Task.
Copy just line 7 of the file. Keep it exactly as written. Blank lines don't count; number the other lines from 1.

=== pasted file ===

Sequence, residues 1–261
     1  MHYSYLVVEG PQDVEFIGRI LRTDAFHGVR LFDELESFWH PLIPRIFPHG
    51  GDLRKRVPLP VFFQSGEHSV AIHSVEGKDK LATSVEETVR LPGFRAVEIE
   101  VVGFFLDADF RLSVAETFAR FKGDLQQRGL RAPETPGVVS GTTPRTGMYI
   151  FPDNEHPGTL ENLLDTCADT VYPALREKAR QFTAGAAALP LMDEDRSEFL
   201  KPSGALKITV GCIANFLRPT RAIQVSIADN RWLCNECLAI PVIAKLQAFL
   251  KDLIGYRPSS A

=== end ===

   251  KDLIGYRPSS A